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Zhengyu Lin, Chencheng Zhang, Yingying Zhang, Lulin Dai, Valerie Voon, Dianyou Li, and Bomin Sun


The ongoing coronavirus disease 2019 (COVID-19) pandemic has considerably affected the delivery of postoperative care to patients who have undergone deep brain stimulation (DBS) surgery. DBS teleprogramming technology was developed and deployed in China before the COVID-19 outbreak. In this report, the authors share their experiences with telemedical DBS treatment of patients with psychiatric disorders during the COVID-19 outbreak.


Four patients (2 with obsessive-compulsive disorder, 1 with major depressive disorder, and 1 with anorexia nervosa) underwent DBS surgery at Ruijin Hospital and received continuous postoperative DBS telemedicine case management from January 2020 to July 2020. DBS teleprogramming, individualized psychological support, and medical consultations were provided via the authors’ DBS telemedicine platform, which also incorporated a synchronous real-time video communication system.


Forty-five DBS telemedicine sessions were conducted; there was no unexpected loss of network connection during the sessions. Of these, 28 sessions involved DBS teleprogramming. Adjustments were made to the stimulation voltage, frequency, pulse width, and contact site in 21, 12, 9, and 9 sessions, respectively. Psychological support and troubleshooting were provided during the remaining telemedicine sessions. Modest to substantial clinical improvements after DBS surgery were observed in some but not all patients, whereas stimulation-related side effects were reported by 2 patients and included reversible sleep and mood problems, headache, and a sensation of heat.


DBS telemedicine seems to offer a feasible, safe, and efficient strategy for maintaining the delivery of medical care to psychiatric patients during the COVID-19 outbreak. The authors propose that implementation of a comprehensive DBS telemedicine system, which combines DBS teleprogramming with psychological counseling, medical consultations, and medication prescriptions and delivery, could be an efficient and effective approach to manage the mental health and quality of life of patients with psychiatric disorders during future local or global public health crises.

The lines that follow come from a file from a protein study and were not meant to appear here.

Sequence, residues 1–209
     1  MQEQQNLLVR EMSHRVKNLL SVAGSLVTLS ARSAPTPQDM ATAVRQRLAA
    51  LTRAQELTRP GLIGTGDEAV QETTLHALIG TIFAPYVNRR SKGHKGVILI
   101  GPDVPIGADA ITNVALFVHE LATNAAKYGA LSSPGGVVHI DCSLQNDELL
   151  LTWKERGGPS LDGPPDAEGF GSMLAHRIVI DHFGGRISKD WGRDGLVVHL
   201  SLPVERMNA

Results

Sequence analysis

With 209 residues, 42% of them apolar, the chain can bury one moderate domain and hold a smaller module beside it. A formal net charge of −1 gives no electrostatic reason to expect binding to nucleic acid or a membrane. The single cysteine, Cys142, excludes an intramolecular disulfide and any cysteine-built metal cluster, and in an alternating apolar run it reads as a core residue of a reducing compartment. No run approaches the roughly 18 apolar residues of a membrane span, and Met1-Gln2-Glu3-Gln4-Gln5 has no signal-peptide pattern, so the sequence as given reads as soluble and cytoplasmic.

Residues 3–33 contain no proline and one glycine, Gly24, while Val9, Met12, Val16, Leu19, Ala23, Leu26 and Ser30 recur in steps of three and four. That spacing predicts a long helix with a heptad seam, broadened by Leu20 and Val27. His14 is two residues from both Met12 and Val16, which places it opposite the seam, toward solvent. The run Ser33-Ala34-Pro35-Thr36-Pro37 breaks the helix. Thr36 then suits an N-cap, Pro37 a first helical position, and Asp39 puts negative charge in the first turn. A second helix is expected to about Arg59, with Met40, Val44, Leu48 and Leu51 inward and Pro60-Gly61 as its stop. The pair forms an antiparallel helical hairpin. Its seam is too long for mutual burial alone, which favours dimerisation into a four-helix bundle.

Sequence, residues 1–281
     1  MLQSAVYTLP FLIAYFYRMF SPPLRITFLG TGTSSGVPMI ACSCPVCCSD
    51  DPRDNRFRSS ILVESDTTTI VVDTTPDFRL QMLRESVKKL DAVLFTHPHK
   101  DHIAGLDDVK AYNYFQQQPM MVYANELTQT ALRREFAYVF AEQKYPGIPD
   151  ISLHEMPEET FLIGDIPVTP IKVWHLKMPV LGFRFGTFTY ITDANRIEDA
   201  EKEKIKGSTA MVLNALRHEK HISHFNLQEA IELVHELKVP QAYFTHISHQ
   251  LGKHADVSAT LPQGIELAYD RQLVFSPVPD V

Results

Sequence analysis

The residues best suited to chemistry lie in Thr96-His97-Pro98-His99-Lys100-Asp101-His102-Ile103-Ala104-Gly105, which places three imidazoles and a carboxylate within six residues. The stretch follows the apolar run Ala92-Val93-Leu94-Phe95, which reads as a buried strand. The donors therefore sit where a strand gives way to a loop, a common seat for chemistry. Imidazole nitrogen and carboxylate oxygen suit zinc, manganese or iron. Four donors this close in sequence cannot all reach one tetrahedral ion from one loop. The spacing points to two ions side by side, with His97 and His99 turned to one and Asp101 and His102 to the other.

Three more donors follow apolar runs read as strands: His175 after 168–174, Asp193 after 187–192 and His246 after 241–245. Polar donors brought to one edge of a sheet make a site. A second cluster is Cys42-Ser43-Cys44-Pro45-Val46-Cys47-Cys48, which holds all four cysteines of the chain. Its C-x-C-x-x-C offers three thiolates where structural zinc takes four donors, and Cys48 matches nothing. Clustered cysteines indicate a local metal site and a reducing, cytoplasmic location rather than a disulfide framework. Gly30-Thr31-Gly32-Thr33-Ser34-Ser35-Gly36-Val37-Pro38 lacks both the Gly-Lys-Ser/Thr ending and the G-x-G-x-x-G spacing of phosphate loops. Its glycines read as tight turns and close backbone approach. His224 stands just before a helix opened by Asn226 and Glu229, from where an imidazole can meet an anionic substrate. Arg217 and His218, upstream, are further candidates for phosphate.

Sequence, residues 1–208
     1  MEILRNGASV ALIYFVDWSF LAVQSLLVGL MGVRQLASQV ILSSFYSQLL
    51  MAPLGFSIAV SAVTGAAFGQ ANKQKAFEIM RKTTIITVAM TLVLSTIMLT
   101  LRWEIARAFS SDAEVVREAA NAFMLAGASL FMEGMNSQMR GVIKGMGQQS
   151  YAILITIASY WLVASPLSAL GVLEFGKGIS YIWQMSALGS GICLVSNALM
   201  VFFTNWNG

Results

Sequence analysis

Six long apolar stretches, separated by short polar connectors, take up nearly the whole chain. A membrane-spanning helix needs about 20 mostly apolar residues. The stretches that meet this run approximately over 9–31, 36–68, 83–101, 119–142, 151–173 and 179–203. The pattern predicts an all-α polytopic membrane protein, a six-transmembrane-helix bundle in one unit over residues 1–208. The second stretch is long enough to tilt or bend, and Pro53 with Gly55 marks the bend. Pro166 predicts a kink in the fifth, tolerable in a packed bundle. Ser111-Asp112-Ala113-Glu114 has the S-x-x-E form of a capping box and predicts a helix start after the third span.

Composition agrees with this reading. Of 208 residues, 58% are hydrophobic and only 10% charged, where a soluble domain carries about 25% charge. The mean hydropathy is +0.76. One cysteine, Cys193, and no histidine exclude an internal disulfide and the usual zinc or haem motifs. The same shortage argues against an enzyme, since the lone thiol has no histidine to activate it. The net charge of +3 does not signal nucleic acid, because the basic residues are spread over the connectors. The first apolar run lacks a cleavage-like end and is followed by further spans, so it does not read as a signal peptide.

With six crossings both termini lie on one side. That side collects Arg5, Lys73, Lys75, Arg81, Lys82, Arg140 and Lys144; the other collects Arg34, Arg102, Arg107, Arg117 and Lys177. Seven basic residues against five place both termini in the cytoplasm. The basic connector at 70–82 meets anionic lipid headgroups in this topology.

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Valerie Voon, Jean Saint-Cyr, Andres M. Lozano, Elena Moro, Yu Yan Poon, and Anthony E. Lang

Object. Postoperative psychiatric symptoms have been associated with subthalamic deep brain stimulation (DBS) for Parkinson disease (PD), and preoperative psychiatric vulnerability, the effects of surgery, stimulation, medication changes, and psychosocial adjustment have been proposed as causative factors. The variables involved in whether preoperative psychiatric symptoms improve or worsen following surgery are not yet known. In the present study, preoperative psychiatric symptoms were systematically assessed in patients with PD presenting for routine preoperative psychiatric assessment.

Methods. Forty consecutive patients with PD presenting for DBS were interviewed using the Mini International Neuropsychiatric Inventory. Current depressive symptoms were quantified using clinician- and patient-rated depression scales. Seventy-eight percent of patients had at least one lifetime or current Axis I psychiatric diagnosis. The prevalence of depression was 60% (95% confidence interval [CI] 45–85), psychosis 35% (95% CI 25–50), and anxiety 40% (95% CI 25–55). These prevalence rates were comparable to or greater than those in the general population of patients with PD. Twenty-three percent of patients required psychiatric treatment for current symptoms prior to being considered eligible for DBS.

Conclusions. As part of the selection process for surgery, members of the study population were chosen for their lack of overt dementia or other active disabling psychiatric symptomatology. The incidence rates of psychiatric disorders, including those diseases occurring in the general population affected with PD, were greater than expected. Data in the present study lead one to question the reliability of patient-rated depression scales as the sole instrument for assessing depression. The authors highlight the need for evidence-based guidelines in the management of these preoperative symptoms as well as the involvement of psychiatric personnel in the assessment and management of these symptoms.